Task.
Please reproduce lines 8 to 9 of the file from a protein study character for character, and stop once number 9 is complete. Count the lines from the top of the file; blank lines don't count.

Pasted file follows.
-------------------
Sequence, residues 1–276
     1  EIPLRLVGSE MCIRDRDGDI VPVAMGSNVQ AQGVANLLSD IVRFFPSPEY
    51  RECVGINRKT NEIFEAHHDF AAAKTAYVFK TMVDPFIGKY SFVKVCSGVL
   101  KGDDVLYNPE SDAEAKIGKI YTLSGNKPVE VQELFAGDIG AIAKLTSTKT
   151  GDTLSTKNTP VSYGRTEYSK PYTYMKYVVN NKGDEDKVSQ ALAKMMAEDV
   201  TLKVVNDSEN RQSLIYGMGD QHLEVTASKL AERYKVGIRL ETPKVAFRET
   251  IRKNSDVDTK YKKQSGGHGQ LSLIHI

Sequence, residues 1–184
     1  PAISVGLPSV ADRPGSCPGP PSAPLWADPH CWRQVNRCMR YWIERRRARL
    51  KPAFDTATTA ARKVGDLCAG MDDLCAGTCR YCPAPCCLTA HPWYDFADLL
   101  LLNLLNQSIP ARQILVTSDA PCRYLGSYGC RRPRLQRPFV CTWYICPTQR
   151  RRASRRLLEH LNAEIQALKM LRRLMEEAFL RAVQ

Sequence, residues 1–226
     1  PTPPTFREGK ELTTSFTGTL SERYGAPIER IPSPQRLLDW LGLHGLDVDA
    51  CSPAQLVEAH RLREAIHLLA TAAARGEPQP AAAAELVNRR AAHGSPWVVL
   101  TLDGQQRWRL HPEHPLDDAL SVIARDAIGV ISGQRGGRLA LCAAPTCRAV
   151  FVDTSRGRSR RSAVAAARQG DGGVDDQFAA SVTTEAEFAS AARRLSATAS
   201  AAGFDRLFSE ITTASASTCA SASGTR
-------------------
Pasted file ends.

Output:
Sequence, residues 1–184
     1  PAISVGLPSV ADRPGSCPGP PSAPLWADPH CWRQVNRCMR YWIERRRARL